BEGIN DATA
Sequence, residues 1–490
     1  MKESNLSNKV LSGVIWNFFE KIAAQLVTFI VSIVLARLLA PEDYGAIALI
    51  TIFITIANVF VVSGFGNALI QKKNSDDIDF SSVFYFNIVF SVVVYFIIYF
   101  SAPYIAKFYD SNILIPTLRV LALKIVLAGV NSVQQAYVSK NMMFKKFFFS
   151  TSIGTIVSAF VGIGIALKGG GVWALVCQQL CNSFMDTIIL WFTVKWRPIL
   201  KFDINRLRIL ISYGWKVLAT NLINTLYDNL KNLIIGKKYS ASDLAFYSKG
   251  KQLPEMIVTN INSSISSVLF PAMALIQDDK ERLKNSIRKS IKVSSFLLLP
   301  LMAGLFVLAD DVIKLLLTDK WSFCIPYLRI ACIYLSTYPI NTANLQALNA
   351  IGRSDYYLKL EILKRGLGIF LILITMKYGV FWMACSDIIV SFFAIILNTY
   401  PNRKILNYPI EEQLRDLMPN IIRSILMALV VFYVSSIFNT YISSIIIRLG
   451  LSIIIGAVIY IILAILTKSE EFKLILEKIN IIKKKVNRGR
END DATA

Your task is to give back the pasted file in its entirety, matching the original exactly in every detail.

Sequence, residues 1–490
     1  MKESNLSNKV LSGVIWNFFE KIAAQLVTFI VSIVLARLLA PEDYGAIALI
    51  TIFITIANVF VVSGFGNALI QKKNSDDIDF SSVFYFNIVF SVVVYFIIYF
   101  SAPYIAKFYD SNILIPTLRV LALKIVLAGV NSVQQAYVSK NMMFKKFFFS
   151  TSIGTIVSAF VGIGIALKGG GVWALVCQQL CNSFMDTIIL WFTVKWRPIL
   201  KFDINRLRIL ISYGWKVLAT NLINTLYDNL KNLIIGKKYS ASDLAFYSKG
   251  KQLPEMIVTN INSSISSVLF PAMALIQDDK ERLKNSIRKS IKVSSFLLLP
   301  LMAGLFVLAD DVIKLLLTDK WSFCIPYLRI ACIYLSTYPI NTANLQALNA
   351  IGRSDYYLKL EILKRGLGIF LILITMKYGV FWMACSDIIV SFFAIILNTY
   401  PNRKILNYPI EEQLRDLMPN IIRSILMALV VFYVSSIFNT YISSIIIRLG
   451  LSIIIGAVIY IILAILTKSE EFKLILEKIN IIKKKVNRGR